More consistent reporting of cardiovascular events needed in clinical trials supporting modern cancer therapies

Consistent Reporting of Cardiovascular Events_460x460Heart disease is an increasingly common limitation of modern cancer therapies. In 2018, Daniel Addison, MD, assistant professor and co-director of the Cardio-Oncology Program, Division of Cardiovascular Medicine, Davis Heart & Lung Research Institute at The Ohio State University College of Medicine, and his team of researchers set out to discover the global nature and reliability of reported cardiovascular event rates within pivotal cancer trials used to guide most cardiotoxicity risk assessments. Between 1998 and 2018, there were 189 trials conducted to evaluate 123 drugs supporting U.S. Food and Drug Administration (FDA) cancer therapies. Over a median follow up of 30 months, 1,148 incidents of major adverse cardiovascular events were reported from the 62.4% of the trials reporting any incidences of cardiovascular disease (CVD). 

“While these FDA-approved cancer drugs are proving to have life-saving benefits for many patients, it is critical for cancer patients and their physicians to fully understand associated major risks, particularly including those affecting the heart,” says Dr. Addison, who is also a member of the Cancer Control Program at The Ohio State University Comprehensive Cancer Center – Arthur G. James Cancer Hospital and Richard J. Solove Research Institute. “Heart disease is increasingly seen among cancer patients and survivors treated with modern immune and targeted drugs. However, we are often limited in our ability to predict who is at risk for these potentially devastating events.”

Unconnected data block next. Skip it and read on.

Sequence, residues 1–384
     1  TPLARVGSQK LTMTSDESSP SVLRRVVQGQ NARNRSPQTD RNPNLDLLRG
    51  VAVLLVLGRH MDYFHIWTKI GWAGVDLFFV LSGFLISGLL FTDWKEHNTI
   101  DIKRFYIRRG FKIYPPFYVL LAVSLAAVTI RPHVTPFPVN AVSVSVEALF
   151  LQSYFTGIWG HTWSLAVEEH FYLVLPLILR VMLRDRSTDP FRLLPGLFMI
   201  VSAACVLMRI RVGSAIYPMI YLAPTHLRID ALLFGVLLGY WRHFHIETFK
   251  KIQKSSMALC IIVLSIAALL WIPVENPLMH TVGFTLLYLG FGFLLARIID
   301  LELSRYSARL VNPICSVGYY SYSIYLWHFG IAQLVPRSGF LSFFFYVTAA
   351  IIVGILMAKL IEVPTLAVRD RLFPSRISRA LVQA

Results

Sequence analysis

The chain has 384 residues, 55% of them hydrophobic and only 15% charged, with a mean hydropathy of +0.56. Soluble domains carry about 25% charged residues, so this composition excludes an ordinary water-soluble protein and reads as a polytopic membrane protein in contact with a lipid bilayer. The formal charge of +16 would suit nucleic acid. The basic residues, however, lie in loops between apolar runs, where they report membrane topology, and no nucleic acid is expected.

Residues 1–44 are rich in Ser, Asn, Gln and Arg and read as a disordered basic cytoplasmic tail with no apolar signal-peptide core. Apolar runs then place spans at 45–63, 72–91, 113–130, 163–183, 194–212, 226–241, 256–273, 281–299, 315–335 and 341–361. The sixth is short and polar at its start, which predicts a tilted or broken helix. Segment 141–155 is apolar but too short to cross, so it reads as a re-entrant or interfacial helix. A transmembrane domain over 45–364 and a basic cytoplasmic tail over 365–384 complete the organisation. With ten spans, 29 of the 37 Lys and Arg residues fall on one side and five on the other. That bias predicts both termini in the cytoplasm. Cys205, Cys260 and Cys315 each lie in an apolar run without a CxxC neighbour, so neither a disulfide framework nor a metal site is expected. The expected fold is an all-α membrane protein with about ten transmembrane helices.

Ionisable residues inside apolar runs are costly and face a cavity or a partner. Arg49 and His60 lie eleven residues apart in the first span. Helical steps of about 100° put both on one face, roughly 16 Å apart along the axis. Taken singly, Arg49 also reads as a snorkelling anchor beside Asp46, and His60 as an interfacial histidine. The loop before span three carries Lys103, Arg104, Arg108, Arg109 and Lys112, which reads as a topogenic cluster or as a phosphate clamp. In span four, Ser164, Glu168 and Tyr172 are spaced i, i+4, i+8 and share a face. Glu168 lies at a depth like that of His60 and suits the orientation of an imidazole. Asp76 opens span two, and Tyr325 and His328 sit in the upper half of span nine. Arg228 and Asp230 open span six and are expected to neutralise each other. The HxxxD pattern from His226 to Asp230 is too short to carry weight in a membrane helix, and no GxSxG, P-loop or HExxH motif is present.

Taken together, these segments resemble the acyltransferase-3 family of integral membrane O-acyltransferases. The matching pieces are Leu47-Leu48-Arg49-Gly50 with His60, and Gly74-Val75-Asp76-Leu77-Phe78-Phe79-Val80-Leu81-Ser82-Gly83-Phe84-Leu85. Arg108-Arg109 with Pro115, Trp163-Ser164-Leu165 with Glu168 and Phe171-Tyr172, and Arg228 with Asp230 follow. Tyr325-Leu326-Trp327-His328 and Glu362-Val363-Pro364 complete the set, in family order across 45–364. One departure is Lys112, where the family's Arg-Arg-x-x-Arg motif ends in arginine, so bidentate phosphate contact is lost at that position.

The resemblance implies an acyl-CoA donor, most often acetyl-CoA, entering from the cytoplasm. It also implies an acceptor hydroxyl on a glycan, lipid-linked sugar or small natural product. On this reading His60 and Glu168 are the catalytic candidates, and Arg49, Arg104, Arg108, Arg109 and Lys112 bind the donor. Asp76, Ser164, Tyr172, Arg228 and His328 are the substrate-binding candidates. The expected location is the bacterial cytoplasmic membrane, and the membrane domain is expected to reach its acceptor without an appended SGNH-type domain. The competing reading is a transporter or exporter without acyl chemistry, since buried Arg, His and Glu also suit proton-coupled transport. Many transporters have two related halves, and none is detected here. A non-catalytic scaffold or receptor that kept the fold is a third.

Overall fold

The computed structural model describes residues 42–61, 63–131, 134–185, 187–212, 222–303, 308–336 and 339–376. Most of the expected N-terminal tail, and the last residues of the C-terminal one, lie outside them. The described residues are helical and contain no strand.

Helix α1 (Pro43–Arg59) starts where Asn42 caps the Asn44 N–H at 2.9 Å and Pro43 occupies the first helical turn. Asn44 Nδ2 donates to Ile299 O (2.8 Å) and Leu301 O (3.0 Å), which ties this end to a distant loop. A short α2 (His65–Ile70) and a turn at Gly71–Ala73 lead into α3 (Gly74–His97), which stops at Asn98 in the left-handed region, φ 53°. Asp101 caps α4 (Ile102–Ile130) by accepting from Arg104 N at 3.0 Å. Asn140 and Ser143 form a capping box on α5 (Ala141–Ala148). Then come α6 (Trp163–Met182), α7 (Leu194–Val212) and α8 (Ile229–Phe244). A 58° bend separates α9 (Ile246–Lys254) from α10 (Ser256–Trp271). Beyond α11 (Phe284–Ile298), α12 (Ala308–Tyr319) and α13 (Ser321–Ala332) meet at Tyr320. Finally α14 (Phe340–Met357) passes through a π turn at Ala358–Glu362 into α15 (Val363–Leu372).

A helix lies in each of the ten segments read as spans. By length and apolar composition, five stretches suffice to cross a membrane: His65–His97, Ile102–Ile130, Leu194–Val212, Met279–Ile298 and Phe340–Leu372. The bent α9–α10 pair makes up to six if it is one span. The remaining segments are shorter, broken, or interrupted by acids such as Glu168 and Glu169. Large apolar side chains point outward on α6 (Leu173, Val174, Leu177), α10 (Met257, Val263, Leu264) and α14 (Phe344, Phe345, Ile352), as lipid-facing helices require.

Nearly 40% of trials did not report any cardiovascular events during many years of cumulative follow up — a finding not seen even among the healthiest middle-aged populations. Further, the overall weighted-average incidence was 542 events per 100,000 person-years, compared to 1,408 among similar-aged, non-cancer trials subjects, suggesting a reporting rate of only 38% compared to generally expected. The CVD events included myocardial infarction, stroke, heart failure, coronary revascularization, atrial fibrillation, or CVD death. Similar low rates were seen with hypertension, pericarditis and myocarditis.

“This was tough, as clinicians and patients are often left to base their interpretations of cardiovascular disease risk solely on these sentinel clinical trials. Going forward, enhanced emphasis on cardiovascular symptoms and events is needed,” says Dr. Addison. “There may be significant benefit to cancer trialists more closely involving cardiovascular experts to better assess cardiac risk interpretation with rapidly emerging cancer therapies.”

In early 2019, the American College of Cardiology (ACC) Foundation published Dr. Addison’s study in the Journal of the American College of Cardiology, to raise awareness of this important issue. The study was also featured at the ACC’s annual “Advancing the Cardiovascular Care of the Oncology Patient” meeting in February 2020. Looking ahead, the authors are recommending additional studies to determine how incorporating patient-reported outcomes or more rigorous reporting requirements might enhance how cardiovascular events are captured in clinical trials of cancer therapeutics.